Socioeconomic status associated with peripheral artery disease risk

July 2, 2014
Heart diagram. Credit: Wikipedia

Previous research has established a link between lower socioeconomic status and an increased risk of cardiovascular disease. In a new study led by Brigham and Women's Hospital (BWH), researchers have found that there are also higher rates of peripheral artery disease (PAD) in individuals with low income and lower attained education levels in the United States.

These findings are published online ahead of print in Circulation: Cardiovascular Quality and Outcomes.

"Our finding highlights the need to focus on education and advocacy efforts for these at-risk populations," said Reena Pande, MD, MSc, co-author of the publication and an associate physician in the Cardiovascular Division at BWH.

PAD, a circulatory problem in which narrowed arteries reduce to limbs, most commonly to the legs, causes leg pain and is often an indicator of more wide-spread artherosclerosis. Individuals with PAD are also at of having heart disease and blockages in the blood flow the brain. PAD can be treated with lifestyle modifications such as exercising, eating a healthy diet and quitting tobacco, and some individuals may require a procedure to restore blood flow to the limbs.

Researchers analyzed data from the National Health and Nutrition Examination Survey from 1999 to 2004. PAD was defined using a standard of care measurement, an ankle–brachial index of ≤0.90. Measures of included poverty–income ratio, a ratio of self-reported income relative to the poverty line, and attained education level.

Of 6,791 eligible participants, researchers found that PAD prevalence was significantly higher in individuals with low income and lower education. Individuals in the lowest of the 6 poverty– income ratio categories had more than a 2-fold increased odds of PAD compared with those in the highest poverty–income ratio category, an association that was still significant after accounting for other risk factors. Lower attained education level was also associated with higher PAD prevalence, but after adjusting for other factors, this association was no longer significant.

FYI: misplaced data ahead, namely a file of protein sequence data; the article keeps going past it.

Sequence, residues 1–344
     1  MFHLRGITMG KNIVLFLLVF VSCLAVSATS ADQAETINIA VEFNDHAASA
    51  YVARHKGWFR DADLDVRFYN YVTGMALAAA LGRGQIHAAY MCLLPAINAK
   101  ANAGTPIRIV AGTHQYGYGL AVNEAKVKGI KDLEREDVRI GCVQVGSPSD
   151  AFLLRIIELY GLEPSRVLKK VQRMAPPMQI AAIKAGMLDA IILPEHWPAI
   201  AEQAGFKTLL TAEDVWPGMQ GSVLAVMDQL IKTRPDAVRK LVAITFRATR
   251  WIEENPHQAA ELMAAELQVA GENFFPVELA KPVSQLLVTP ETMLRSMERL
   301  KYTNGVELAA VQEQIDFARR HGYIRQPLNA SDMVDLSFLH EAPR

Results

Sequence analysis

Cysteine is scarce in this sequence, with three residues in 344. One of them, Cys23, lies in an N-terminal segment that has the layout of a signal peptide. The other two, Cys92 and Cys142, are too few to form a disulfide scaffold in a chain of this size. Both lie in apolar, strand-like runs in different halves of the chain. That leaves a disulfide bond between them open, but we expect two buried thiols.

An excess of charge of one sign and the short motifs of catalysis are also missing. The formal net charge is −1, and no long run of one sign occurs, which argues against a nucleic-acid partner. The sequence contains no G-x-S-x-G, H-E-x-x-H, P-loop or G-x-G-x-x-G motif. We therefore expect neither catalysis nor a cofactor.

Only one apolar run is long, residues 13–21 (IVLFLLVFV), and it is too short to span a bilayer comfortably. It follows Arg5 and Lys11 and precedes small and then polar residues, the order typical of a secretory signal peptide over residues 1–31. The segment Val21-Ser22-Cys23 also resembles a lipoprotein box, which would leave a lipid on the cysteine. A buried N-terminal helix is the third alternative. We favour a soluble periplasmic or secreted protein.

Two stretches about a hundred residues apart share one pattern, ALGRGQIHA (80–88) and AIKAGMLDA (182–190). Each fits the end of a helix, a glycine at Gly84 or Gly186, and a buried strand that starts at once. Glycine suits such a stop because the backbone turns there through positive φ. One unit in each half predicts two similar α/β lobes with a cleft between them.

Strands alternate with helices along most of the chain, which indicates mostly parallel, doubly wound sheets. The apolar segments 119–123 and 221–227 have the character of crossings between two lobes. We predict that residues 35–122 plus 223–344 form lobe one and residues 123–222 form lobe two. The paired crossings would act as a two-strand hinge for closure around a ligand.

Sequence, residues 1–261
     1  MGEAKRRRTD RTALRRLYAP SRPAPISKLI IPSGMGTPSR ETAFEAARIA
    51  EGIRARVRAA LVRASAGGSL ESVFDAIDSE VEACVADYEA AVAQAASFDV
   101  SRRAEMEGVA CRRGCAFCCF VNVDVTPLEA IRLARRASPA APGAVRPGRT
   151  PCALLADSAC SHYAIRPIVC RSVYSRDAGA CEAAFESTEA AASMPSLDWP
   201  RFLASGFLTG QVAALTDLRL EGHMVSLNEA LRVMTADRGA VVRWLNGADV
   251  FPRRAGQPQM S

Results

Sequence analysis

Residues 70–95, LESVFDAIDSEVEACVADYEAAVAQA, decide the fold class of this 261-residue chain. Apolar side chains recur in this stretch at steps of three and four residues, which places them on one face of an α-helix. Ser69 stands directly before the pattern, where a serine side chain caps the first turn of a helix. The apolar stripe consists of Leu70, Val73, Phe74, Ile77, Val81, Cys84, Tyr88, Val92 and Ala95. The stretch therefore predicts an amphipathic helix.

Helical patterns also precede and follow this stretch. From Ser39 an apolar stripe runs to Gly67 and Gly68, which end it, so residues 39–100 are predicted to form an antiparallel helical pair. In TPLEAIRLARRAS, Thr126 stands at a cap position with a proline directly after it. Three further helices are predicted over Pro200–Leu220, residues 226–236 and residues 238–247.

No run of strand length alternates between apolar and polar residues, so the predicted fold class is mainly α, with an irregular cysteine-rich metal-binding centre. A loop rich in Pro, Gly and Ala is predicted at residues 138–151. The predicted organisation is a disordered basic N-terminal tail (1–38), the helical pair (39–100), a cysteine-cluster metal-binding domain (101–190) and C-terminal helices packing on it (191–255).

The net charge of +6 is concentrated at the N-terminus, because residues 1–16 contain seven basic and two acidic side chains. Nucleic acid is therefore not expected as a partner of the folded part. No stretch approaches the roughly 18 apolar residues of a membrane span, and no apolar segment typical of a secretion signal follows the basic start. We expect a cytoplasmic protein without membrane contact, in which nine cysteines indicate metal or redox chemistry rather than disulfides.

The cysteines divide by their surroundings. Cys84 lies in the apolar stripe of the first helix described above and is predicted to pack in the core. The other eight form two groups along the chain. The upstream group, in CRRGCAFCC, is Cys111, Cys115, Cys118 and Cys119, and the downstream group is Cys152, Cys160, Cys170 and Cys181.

Researchers note that education and income are only two of many potential measures of socioeconomic status and that other measures may also have an effect on overall health, including a network of family and friends and access to resources and opportunities that may impact health outcomes.

"We need dedicated approaches to PAD awareness efforts, research endeavors, and treatment strategies that focus on those individuals of low socioeconomic strata who may be most likely to be affected by PAD," Pande said. Specifically, we need to target awareness efforts to the subpopulations that have the greatest gaps in awareness and at the same time are at higher risk of developing PAD. In the evaluation and implementation of new therapies or treatment strategies, we must consider that not only may differences in outcomes arise from socioeconomic differences, but we must also develop strategies that facilitate access to these beneficial treatments to reach all segments of the population equally."

Explore further: Women and PAD: Excellent treatment outcomes in spite of disease severity

Related Stories

Women and PAD: Excellent treatment outcomes in spite of disease severity

May 5, 2014
Women face greater limits on their lifestyle and have more severe symptoms as a result of peripheral artery disease (PAD), but minimally invasive procedures used to unclog arteries are just as successful as in men.